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Audioengine A5+ Wireless speakers (review)
4.7Overall Score
Name: A5+ Wireless Bluetooth speaker
Price (RRP): $699
Manufacturer: Audioengine

There’s no doubt that single-box wireless speakers have their place. But for real stereo, you need two boxes. For example, the Audioengine A5+ Wireless speakers, which have recently launched in Australia.


Let’s get some terms clear first: the name of the product is Audioengine A5+ Wireless. That distinguishes them from the Audioengine A5+ powered speakers which are otherwise very similar. The ‘wireless’ aspect here means Bluetooth, not Wi-Fi. You can feed music from your phone or tablet or another Bluetooth-enabled device, not from your network.

But there are also two analogue inputs: one pair of RCA sockets and one 3.5mm stereo mini socket. So you can easily make these speakers work with your network just by plugging in a Chromecast Audio device ($59 from plenty of places). Or you can plug in a CD player or a turntable (so long as it has a built-in phono pre-amp). No need to be limited to your phone’s contents.

Audioengine A5+ Wireless
Bamboo finish costs $100 more

The form of the Audioengine A5+ Wireless speakers is that of smallish bookshelf loudspeakers. Each stands 270mm tall and has a 180mm wide by 23mm deep footprint. Underneath each is a soft rubber pad which ought to protect your furniture. They are available in a white, black or (at extra cost) bamboo finish.

They do not have a front grille, so you might want to keep the delicate 19mm silk dome tweeter out of reach of small children. Underneath that on both units is 130mm Kevlar cone woofer. The speakers are bass reflex loaded, with a slot port at the top rear.

Inside the speakers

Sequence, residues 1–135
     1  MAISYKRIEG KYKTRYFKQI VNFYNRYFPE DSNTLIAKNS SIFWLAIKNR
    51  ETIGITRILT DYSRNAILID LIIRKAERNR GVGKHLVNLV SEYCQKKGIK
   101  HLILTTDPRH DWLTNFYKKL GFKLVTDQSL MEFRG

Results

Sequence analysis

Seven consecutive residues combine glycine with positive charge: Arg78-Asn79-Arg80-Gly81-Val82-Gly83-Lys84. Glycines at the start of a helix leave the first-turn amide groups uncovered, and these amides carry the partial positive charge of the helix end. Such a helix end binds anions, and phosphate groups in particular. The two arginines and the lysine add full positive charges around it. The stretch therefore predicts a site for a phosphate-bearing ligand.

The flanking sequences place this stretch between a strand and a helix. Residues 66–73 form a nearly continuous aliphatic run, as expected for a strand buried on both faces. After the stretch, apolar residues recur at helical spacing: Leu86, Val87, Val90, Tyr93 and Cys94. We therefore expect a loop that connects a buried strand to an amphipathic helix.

The left speaker contains all the electronics. It connects to the right speaker via binding post outputs and matching inputs on the other speaker. Included in the box is a four-metre-long speaker cable. Banana plugs are at the cable ends, so it takes only seconds to connect the two speakers.

The front of the left speaker has a small volume control. You can press that to put the speaker into standby mode. Pressing it again or adjusting the volume switches it back on. A LED shows power status: solid when it’s on, pulsing when it’s not.

Audioengine rates the built-in amplifier of the Audioengine A5+ Wireless speakers at 50 watts per channel continuous. There’s plenty of power available. It also puts the frequency response of the speakers at 50 to 22,000 hertz ±1.5dB. That’s one very impressive specification.

Audioengine A5+ Wireless
You can see the machining marks on the inside of the remote’s solid slab of aluminium.

The Bluetooth version is 5.0. The enclosures are made from 13mm MDF, not the chipboard used in many inexpensive speakers.

There are some surprising quality touches. For example, also in the carton is a decent quality 2-metre interconnect. Plus a decent quality 2-metre 3.5mm to 3.5mm cable. The bundle of cables come in a soft microfibre bag, as do each of the speakers.

And there’s also an infrared remote control. That is a small PC board fitted into a machined aluminium slab. It’s like the kind of thing you’d get with some famous-brand Danish product.

Setting up the Audioengine A5+ Wireless speakers

As I’ve suggested, connecting up the speakers was easy. I put both on the stands I normally use for smaller speakers and had them wired up in no time.

I like using a GooglePixel 2 XL phone for sending music to Bluetooth speakers. That’sbecause of an under-reported feature of that phone: it supports all theBluetooth audio codecs. That is not justSBC, but also AAC (preferred by Apple devices), aptX and aptX HD, and LDAC.That last is Sony’s own “high resolution” Bluetooth codec. In connecting tothese speakers, the phone confirmed thatit was using the aptX HD codec. But the speakers also work with standard aptX(available on many more Android phones) and AAC.

Audioengine A5+ Wireless

I also plugged a Chromecast Audio device into the Audioengine A5+ Wireless speakers to check out non-Bluetooth audio performance.

Ins and Outs

And that raises a question. There are three inputs – Bluetooth, stereo RCA and stereo 3.5mm – so how do you select between them? There’s no switch on the speakers, and the remote only has volume, mute and sleep buttons.